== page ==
I've used the internet for almost two decades now and the web browser that I've used the most is Microsoft's Internet Explorer.
A few years ago, I decided to take Firefox on a test drive. I was impressed by its functionality, performance, and the array of add-ons. I continued using both, but I found FireFox to be much better in comparison to IE.
I've been doing a fair bit of blogging and writing over the past few years and Mozilla's product became my browser of choice, mainly because of its speed. Also, there were a few add-ons which made my life easier. However, over the past couple of years, I noticed it became sluggish. I tried various under-the-hood changes to enhance its performance. Initially, they seemed to work, but it would soon return to its sluggish state.
In the meantime, I had heard about Chrome. I was initially skeptical about trying it, mainly because I didn't want to be using so many browsers. But Firefox was beginning to slow me down, so I decided to give it a try. As you can tell from what I've written above, I'm very impressed with its performance so far.
World Wide Browser Usage as of December 2018
Benefits of Using Multiple Web Browsers
For many years, I've mainly used just one internet browser. I eventually added Firefox as a secondary one, which soon became my primary one of choice. Over the past few months, I've included Chrome to my arsenal. Using multiple browsers makes sense for many reasons which I will highlight below.
- Security: Given that the internet has become a prime target for scammers and hackers, it's important to use secure browsers. You may decide to use one over the other for stuff like online banking or stock trading. I generally stick with one browser for endeavors that need extra security and use another to visit sites I am not familiar with.
- Functionality: Given that Firefox comes with thousands of versatile add-ons that may not be available on other browsers, you may choose to use it specifically for certain purposes. Keep in mind that loading too many add-ons will impact its performance.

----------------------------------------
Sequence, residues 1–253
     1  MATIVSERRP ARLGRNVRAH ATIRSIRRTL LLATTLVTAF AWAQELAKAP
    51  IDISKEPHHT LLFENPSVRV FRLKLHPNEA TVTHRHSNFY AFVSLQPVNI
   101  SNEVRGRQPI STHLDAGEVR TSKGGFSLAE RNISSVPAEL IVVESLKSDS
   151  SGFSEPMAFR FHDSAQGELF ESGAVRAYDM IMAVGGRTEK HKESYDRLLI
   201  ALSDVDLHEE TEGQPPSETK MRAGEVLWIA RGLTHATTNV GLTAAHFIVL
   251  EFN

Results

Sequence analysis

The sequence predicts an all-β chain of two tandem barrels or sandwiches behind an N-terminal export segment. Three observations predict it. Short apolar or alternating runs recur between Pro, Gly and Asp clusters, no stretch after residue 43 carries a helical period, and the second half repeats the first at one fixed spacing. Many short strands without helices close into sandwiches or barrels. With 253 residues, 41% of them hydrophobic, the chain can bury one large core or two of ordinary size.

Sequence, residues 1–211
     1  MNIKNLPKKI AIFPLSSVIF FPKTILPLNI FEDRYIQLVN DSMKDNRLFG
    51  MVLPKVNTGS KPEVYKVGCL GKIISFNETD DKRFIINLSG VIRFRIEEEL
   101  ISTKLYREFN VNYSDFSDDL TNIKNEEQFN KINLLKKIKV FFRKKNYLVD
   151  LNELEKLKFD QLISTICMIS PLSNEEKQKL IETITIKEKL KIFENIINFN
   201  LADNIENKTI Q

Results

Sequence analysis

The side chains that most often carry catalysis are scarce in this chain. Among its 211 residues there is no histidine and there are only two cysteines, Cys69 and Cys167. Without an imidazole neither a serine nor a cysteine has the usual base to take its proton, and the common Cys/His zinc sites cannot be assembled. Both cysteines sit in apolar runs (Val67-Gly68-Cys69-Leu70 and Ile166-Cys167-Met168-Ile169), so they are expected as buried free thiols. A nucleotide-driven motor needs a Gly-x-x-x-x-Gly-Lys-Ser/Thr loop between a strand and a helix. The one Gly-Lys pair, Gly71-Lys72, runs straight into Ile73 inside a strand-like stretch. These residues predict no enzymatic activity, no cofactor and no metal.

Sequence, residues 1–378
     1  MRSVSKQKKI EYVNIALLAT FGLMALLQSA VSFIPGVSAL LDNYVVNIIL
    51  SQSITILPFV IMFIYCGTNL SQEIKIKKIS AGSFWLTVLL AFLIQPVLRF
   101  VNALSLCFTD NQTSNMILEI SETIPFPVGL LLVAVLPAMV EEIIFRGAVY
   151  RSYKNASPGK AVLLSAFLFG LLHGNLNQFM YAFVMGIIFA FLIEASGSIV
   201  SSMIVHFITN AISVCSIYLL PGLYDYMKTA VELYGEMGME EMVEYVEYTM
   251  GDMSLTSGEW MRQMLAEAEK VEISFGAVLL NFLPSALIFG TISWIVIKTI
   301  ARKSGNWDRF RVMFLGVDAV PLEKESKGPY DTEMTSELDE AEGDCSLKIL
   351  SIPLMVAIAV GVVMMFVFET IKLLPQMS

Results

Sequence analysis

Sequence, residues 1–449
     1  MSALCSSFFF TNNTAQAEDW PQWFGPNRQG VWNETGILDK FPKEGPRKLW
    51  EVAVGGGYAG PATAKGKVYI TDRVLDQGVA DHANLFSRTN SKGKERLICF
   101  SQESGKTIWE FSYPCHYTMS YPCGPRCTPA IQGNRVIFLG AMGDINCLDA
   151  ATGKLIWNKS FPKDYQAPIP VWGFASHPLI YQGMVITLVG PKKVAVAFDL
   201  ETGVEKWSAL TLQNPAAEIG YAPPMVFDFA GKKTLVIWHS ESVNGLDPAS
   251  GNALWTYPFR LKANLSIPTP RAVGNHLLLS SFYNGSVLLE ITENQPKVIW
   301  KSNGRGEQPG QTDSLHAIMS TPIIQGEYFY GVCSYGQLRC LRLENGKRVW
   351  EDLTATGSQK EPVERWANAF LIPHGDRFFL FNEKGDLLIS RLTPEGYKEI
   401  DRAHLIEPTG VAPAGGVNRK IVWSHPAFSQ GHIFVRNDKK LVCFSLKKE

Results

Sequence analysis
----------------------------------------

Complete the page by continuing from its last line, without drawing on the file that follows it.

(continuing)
- Speed: If you just casually browse and need to load web pages really fast, then maybe Chrome is the one you should use. I do a considerable amount of blogging and writing and it is the best browser in terms of speed when updating and loading web pages.
Using different browsers for different purposes is a personal choice and will depend on what you do. But in my experience, using multiple ones has definitely enhanced my experience. Do note that installing and running multiple browsers can take up memory, so it can affect the performance of your computer. Below are some comments I received when I asked if others use multiple browsers.
Do You Use Multiple Browsers?
"I mainly use Chrome and sometimes IE as Chrome doesn't allow the certain websites to work. I used to use Firefox but it seems slow."-LynetteBell
"I use Chrome. My experience with Firefox has not been satisfactory."-Jillynn
"Yes, I love both Chrome and Safari. But now, after reading this, I want to try Firefox!"-Diva2Mom
"I tried Chrome and it was too much of a hassle to figure out how to transfer my bookmarks so I'm sticking with Firefox. I just don't have time to dink around with things, would much rather just stick with what I know."-Kathryn Wallace
"I have Firefox, Chrome, and Safari on my computer. Firefox is my favorite."-Lorelei Cohen
"I'm just using Chrome for the reasons you suggested."-jolou
This article is accurate and true to the best of the author’s knowledge. Content is for informational or entertainment purposes only and does not substitute for personal counsel or professional advice in business, financial, legal, or technical matters.